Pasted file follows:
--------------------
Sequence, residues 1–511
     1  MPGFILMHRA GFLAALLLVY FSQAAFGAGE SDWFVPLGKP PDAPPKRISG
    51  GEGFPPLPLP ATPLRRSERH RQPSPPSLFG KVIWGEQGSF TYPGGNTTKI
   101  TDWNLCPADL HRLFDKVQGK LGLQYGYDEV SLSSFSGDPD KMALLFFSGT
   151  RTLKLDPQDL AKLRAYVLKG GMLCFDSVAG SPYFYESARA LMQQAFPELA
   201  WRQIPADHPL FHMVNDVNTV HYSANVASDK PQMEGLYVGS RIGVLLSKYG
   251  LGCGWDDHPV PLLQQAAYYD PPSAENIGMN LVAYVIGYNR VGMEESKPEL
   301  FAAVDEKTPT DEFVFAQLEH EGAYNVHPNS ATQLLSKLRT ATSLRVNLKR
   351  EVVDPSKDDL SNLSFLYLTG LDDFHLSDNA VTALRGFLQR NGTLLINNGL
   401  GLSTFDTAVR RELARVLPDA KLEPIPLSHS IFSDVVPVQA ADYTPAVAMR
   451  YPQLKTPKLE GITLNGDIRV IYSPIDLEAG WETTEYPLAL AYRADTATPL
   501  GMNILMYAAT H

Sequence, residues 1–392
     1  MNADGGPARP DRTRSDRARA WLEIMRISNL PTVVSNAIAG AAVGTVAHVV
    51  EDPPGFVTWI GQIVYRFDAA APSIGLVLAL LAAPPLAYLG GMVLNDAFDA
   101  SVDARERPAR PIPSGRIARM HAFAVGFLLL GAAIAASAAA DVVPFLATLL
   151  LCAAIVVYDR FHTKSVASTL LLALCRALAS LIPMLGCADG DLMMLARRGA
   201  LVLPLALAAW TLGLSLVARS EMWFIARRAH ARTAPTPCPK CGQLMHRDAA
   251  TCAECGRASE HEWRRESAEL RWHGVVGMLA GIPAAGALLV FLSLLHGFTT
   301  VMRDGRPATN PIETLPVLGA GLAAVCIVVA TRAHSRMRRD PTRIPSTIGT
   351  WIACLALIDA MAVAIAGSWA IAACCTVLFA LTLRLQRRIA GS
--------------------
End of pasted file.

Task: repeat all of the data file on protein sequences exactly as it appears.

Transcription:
Sequence, residues 1–511
     1  MPGFILMHRA GFLAALLLVY FSQAAFGAGE SDWFVPLGKP PDAPPKRISG
    51  GEGFPPLPLP ATPLRRSERH RQPSPPSLFG KVIWGEQGSF TYPGGNTTKI
   101  TDWNLCPADL HRLFDKVQGK LGLQYGYDEV SLSSFSGDPD KMALLFFSGT
   151  RTLKLDPQDL AKLRAYVLKG GMLCFDSVAG SPYFYESARA LMQQAFPELA
   201  WRQIPADHPL FHMVNDVNTV HYSANVASDK PQMEGLYVGS RIGVLLSKYG
   251  LGCGWDDHPV PLLQQAAYYD PPSAENIGMN LVAYVIGYNR VGMEESKPEL
   301  FAAVDEKTPT DEFVFAQLEH EGAYNVHPNS ATQLLSKLRT ATSLRVNLKR
   351  EVVDPSKDDL SNLSFLYLTG LDDFHLSDNA VTALRGFLQR NGTLLINNGL
   401  GLSTFDTAVR RELARVLPDA KLEPIPLSHS IFSDVVPVQA ADYTPAVAMR
   451  YPQLKTPKLE GITLNGDIRV IYSPIDLEAG WETTEYPLAL AYRADTATPL
   501  GMNILMYAAT H

Sequence, residues 1–392
     1  MNADGGPARP DRTRSDRARA WLEIMRISNL PTVVSNAIAG AAVGTVAHVV
    51  EDPPGFVTWI GQIVYRFDAA APSIGLVLAL LAAPPLAYLG GMVLNDAFDA
   101  SVDARERPAR PIPSGRIARM HAFAVGFLLL GAAIAASAAA DVVPFLATLL
   151  LCAAIVVYDR FHTKSVASTL LLALCRALAS LIPMLGCADG DLMMLARRGA
   201  LVLPLALAAW TLGLSLVARS EMWFIARRAH ARTAPTPCPK CGQLMHRDAA
   251  TCAECGRASE HEWRRESAEL RWHGVVGMLA GIPAAGALLV FLSLLHGFTT
   301  VMRDGRPATN PIETLPVLGA GLAAVCIVVA TRAHSRMRRD PTRIPSTIGT
   351  WIACLALIDA MAVAIAGSWA IAACCTVLFA LTLRLQRRIA GS